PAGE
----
8. #6
    kaytris is offline Senior Member
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    DefaultRe: dog aggression?

    the hard stare and the nose punching is worrisome to me.

    What I would do is start walking them seperately, getting their obedience up to snuff (you want a loose leash and focussed attention - 'watch me' on you 100% of the time when another dog is near... I'd also use a 'sit-stay' as other dogs pass by, at a distance at first). When both dogs are perfect at that individually, then start working them together.

    This is one time I highly recommend head halters.

  9. #7
    fuzbutz2 is offline Junior Member
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    DefaultRe: dog aggression?

    There are 2 of us walking them usually one ahead of the other. I have tried this technique of "watch me". I works 50,50 and only with Kae-C. Once Mae-C is off it's hard to get her back unless drag her away. I've done the halti thing. She spun like a swivel fishing hook but thats when I was using a flex lead. I think I will go back to the halti now that I use a regular leash.The behaviorist suggested and fit Mae-c with it before. She felt Mae-c showed no aggression.But Mae-c was on her best behavior. She actually sat down beside her dog and turned her head away to show submission She is like Jeckle and Hide. And any ideas why they are so good when they are among many dogs?

  10. #8
    obsidian Guest

    DefaultRe: dog aggression?

    It is aggression. Yes, it is frightening to other dog owners and their dogs. Your dogs should never, EVER be allowed to approach another dog when they are behaving this way. Flexi leads are completely inappropriate for these dogs. Head collars and standard six foot leads for both of them.

    As soon as you see another dog, turn and go the other way. Do not wait for your dogs to go ballistic. When you turn away and keep your dogs focused on you before they have a chance to act like numbskulls, you can reward them for their good behavior instead of fighting against their bad behavior when it's already too late anyway.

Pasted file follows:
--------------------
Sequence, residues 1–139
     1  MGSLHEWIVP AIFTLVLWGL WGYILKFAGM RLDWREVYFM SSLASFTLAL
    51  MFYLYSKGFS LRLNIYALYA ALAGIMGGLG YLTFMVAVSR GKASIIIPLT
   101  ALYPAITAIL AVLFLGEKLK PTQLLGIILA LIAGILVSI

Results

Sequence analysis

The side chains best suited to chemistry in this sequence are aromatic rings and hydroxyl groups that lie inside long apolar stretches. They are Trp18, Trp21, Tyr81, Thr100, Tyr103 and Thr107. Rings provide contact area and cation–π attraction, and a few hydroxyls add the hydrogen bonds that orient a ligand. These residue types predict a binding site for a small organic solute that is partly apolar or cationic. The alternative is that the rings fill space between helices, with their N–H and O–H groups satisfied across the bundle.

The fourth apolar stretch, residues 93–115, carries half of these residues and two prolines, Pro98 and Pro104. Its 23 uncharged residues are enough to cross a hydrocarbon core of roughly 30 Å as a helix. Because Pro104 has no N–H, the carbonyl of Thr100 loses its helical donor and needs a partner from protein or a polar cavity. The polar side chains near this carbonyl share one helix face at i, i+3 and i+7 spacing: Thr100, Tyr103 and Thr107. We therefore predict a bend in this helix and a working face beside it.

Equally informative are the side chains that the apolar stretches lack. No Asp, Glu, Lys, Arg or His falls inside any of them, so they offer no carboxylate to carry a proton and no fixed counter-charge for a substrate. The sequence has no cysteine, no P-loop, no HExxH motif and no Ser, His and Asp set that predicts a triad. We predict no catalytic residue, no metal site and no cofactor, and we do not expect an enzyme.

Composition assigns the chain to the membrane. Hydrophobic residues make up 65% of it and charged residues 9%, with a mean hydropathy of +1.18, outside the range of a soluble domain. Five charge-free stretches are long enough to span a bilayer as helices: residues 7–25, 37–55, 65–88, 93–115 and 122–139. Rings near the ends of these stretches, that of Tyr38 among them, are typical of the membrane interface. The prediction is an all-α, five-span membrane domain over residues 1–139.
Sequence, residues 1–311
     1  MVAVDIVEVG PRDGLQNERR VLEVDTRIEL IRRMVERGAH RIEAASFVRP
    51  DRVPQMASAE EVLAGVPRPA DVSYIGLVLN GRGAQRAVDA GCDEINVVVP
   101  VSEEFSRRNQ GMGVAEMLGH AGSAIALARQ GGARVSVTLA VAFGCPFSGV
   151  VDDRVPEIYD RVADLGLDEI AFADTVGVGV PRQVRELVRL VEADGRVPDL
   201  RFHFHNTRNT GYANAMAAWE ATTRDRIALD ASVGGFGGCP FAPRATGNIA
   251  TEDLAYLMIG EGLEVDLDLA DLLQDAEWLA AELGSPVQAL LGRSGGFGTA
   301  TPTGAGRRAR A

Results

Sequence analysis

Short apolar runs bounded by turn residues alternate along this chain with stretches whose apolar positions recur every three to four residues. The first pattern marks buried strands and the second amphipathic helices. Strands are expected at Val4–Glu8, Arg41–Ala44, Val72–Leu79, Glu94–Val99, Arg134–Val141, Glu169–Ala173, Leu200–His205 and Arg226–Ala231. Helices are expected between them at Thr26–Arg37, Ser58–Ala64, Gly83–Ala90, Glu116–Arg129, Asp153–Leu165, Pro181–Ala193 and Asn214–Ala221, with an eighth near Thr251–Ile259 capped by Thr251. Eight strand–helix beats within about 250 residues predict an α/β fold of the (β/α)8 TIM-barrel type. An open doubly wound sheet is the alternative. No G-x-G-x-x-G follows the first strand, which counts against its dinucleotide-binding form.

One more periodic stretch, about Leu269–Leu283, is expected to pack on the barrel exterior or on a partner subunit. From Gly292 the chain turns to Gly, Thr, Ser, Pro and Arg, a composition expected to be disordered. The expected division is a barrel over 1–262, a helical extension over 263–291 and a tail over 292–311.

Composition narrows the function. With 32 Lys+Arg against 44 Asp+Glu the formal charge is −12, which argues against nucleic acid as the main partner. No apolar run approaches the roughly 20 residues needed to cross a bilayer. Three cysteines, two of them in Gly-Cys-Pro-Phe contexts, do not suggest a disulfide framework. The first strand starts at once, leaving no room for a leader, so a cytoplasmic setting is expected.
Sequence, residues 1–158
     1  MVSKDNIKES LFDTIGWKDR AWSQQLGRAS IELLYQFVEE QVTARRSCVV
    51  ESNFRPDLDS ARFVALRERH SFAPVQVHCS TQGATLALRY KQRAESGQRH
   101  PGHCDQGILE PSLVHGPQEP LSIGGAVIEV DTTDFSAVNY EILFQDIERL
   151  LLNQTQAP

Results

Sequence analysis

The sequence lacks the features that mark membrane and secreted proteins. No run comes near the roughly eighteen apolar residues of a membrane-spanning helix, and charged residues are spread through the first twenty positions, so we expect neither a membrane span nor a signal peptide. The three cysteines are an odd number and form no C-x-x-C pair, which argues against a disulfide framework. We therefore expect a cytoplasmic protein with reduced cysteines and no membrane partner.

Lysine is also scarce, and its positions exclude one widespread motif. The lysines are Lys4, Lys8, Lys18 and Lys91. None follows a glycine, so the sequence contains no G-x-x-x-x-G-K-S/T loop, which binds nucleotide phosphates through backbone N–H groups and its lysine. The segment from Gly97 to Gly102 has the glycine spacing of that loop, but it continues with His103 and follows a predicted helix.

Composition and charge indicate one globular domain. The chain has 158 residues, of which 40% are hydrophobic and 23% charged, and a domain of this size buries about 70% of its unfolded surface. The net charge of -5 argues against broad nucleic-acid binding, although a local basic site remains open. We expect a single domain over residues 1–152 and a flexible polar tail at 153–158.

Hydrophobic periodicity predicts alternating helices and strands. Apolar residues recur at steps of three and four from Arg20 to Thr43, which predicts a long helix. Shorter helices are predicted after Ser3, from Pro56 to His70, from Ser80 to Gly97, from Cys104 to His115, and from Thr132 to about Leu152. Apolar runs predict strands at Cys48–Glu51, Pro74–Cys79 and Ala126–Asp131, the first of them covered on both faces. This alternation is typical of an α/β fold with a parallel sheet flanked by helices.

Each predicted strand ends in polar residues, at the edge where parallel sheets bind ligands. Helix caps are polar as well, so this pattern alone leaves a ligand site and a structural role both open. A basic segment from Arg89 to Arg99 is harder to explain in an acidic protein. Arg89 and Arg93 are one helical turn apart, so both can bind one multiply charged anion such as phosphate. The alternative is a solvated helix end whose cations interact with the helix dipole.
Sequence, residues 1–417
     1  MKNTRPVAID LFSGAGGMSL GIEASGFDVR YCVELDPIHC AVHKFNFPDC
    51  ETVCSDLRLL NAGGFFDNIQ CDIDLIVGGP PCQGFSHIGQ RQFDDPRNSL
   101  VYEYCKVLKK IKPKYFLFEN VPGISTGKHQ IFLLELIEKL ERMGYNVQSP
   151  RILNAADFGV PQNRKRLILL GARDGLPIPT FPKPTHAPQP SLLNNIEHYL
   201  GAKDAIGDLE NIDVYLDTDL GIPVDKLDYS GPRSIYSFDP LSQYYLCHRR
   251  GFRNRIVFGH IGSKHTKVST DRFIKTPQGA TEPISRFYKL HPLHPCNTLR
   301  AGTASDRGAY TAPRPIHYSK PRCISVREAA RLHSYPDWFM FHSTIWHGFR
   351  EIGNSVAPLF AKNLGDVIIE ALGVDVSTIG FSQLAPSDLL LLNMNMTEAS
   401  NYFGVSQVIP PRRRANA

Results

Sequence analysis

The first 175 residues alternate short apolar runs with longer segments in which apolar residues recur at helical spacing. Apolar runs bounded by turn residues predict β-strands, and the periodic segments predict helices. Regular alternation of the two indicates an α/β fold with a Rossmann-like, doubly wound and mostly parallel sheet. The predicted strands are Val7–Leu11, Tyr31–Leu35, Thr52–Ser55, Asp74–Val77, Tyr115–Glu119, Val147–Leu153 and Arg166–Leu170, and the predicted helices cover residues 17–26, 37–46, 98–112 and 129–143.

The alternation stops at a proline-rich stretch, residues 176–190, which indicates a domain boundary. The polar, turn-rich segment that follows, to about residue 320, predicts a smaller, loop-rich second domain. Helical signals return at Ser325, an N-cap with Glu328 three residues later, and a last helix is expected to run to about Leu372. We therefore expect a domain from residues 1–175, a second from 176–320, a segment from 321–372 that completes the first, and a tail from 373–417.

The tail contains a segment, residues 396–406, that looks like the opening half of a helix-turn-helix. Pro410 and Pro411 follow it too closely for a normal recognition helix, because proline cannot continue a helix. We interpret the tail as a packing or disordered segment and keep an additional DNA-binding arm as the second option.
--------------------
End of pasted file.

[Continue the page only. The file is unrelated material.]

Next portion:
The hovering and poking as if they are waiting for an excuse to attack is just that. They are acting like bullies, and you should not be placing them and other dogs in this situation.

    The reason that your dogs behave differently around large amounts of other dogs is that they know they are outnumbered. They cannot act like bullies and get away with it when they are surrounded by other dogs.

  11. #9
    fuzbutz2 is offline Junior Member
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    DefaultRe: dog aggression?

    Makes total sense! In your opinion is this something that can be worked through because not walking them is out of the question and I don't want to totally isolate them from everything. They are fine as long as other dog don't get too close. At a distance, 10,20 feet, we can pass without too much of a problem. If the other dogs are under control their fine to. It's like they can sense that their owners don't have controll and it freaks them out. My Mae-c seems nervous almost scared when other dogs get too close and are yipping. I know owners should not let their dogs act this way but thats the way it goes.I do try to avoid other dog that. Did I say that they were mugged buy a pit bull. Seems to have made them worse.

  12. #10
    TimC. is offline Senior Member
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    DefaultRe: dog aggression?

    I would be more concerned with Mae-c because fear aggression can be worse because the dog thinks its fighting for its life. Make them sit down until the other dog passes and you take deep cleansing breaths so the anxiety doesn't flow down the leash.
    Olie